Maggie Attaya had a solar hot water system installed in her James Island home not long after she moved there in 2005, and she was pleased with how well it worked.

Last year, she upped the ante and had a total of 26 photovoltaic solar panels placed atop her Cross Creek home - enough so that she no longer has to buy any electricity.

"The bottom line is that my electric bill now is the $10 they have to charge you if you want a meter, plus the cost of the service care," she said. "I'm delighted."

She said she figures to recoup her approximately $30,000 investment within a decade, even though she has little use for the state and federal tax credits that have driven many other homeowners to have solar panel installed.

Stories like Attaya's could become increasingly commonplace in the next few years, now that South Carolina has a new law aimed to promote solar use - and to create new options for consumers to finance the upfront cost over the long haul.

'We like this collaboration'

South Carolina's climate makes it one of the better states for solar power, but its spread here was limited because the state's prohibition on financing them as well as other complex regulatory issues.

North Carolina and Georgia, which have similar climates, ranked third and seventh, respectively, in the amount of solar energy capacity installed last year, according to the Solar Energy Industries Association. South Carolina didn't make the top 10,

State lawmakers held off from passing any bill until a consensus emerged between environmentalists - who have wanted to promote solar - and utilities, who have concerns about how the rules over solar power might affect their bottom line.

But this year, the Coastal Conservation League, the Southern Environmental Law Center and the utilities got together and agreed on proposed legislation to move the issue forward - legislation that won unanimous approval in the House and Senate. Gov. Nikki Haley signed it on June 9. Dana Beach of the coastal Conservation League said the new law "puts us, in some respects, in the forefront of the Southeast in terms of allowing third party investors to come in and build solar facilities on company roofs, on houses, on stores, on churches."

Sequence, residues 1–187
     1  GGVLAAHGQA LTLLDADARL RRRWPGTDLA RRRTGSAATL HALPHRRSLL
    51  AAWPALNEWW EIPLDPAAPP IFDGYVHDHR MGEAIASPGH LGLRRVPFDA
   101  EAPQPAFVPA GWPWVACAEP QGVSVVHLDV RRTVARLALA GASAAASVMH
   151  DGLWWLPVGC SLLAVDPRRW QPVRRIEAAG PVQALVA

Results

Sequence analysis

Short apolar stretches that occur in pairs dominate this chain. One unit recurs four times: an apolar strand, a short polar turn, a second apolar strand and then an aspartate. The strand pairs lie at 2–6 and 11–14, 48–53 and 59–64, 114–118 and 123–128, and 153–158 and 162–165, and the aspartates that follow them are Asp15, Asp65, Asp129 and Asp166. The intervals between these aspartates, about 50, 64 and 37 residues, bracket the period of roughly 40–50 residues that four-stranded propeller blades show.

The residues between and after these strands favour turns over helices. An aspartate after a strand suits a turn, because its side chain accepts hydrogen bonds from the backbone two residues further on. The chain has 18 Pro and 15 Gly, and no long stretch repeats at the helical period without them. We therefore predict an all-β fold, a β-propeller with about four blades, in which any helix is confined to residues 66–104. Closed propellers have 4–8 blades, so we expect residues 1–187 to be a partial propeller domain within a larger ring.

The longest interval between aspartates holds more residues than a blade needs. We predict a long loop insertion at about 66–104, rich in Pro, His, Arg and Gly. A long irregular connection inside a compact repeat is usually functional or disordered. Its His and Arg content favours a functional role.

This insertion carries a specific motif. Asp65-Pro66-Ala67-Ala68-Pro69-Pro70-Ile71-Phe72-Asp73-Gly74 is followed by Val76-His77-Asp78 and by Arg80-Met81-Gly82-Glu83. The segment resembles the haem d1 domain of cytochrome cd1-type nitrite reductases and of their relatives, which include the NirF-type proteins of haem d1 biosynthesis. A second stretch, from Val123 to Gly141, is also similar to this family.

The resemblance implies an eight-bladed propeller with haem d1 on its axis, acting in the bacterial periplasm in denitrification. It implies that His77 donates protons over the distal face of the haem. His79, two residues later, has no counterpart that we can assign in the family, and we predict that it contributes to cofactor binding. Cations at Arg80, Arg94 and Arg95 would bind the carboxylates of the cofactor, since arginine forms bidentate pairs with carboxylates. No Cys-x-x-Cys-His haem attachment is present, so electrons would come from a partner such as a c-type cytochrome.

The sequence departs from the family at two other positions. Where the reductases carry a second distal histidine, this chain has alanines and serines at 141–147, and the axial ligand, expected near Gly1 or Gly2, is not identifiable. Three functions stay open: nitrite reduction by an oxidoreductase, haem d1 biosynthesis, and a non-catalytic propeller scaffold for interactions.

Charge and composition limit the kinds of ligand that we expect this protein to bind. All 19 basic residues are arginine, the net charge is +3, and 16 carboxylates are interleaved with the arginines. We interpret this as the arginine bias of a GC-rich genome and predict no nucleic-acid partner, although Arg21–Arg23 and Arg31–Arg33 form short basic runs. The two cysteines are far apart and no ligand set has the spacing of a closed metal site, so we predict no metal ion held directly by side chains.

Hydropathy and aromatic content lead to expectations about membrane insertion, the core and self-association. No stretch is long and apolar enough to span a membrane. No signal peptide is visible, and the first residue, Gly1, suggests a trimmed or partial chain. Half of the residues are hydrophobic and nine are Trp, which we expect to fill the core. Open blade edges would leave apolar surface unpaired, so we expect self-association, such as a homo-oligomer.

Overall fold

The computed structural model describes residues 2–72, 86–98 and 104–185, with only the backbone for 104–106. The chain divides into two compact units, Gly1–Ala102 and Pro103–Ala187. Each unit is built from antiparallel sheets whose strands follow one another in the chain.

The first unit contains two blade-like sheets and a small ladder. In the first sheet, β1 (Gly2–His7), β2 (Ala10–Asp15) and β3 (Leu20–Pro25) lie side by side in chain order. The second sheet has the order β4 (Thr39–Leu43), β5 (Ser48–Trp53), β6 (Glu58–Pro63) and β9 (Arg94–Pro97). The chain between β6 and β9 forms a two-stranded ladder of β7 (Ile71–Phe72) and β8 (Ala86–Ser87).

Emily Brady, spokeswoman for S.C. Electric & Gas, said the utility is working on its distributed energy resource plan and hopes to complete it by the fall.

"We haven't created it, so I can't walk you through how it's going to be just yet," she said. "We're very positive. We've been delighted about how things have transpired. We like this collaboration with moving the ball forward with renewables for our state."

Can the industry stand on its own?

Grant Reeves of The InterTech Group in North Charleston, which has pushed for the new solar law, said the legislation was designed to take some time, about a year, to iron out details.

"A lot of hard work is going on behind the scenes putting meat on the bones," he said. "Certainly, The InterTech Group is working on ideas and proposals but nothing that is shovel ready now. It's probably going to be in April of next year before you start seeing a lot of activity."

Reeves said the legislation could lead to utilities installing 300 megawatts worth of solar during the next seven years, a half-billion dollar market.

"That's going to get the attention of a lot of people," he said.

Currently, Reeves said the state has about 7 megawatts of solar power, and 90 percent of that comes from only two places: a new 4 megawatt solar farm in Colleton County and the roof of Boeing's North Charleston plant, which generates 2.6 megawatts.

The current federal tax credit of 30 percent - which comes on top of South Carolina's 25 percent credit - is scheduled to end for solar systems installed after December 2016.

But Reeves said that might not slow down customers' embrace of solar.

"The industry already has seen substantial cost reduction," he said, adding if past trends continue, the cost of panels could drop to where the tax breaks are no longer needed.

"Solar panels drop 20 percent in cost every time production doubles," he said. "There are many in the industry would like the industry to stand on its own."

From niche to big time

Kevin Crout began his business, Edgewater Energy Services, six years ago and mostly installed solar hot water heaters.

By 2011, however, the price of photovoltaic solar panels began to fall, "and our business mix flip-flopped totally from solar hot water to PV. That's almost all we do now."

He has followed the Legislature's debate over a new solar law and was excited to see Gov. Nikki Haley sign it in June.

Last month, he finished one of his largest residential installations to date, 40 photovoltaic panels atop a home in Awendaw, and he expects South Carolina's new law will make him busier still in the coming year or two.

The panels cost about $1,200 each, so homeowners' ability to finance the cost over a longer term will make it more appealing. He already is talking to potential partners and anticipating the need to hire more crews.

"It's going to really open up the market, particularly form a leasing standpoint," he said. "It will open up the market to the homeowner who can't initially afford the investment up front. A lot of people can't. We're excited to be able to present this to the average homeowner, where now it's kind of a niche."

Reach Robert Behre at 937-5771.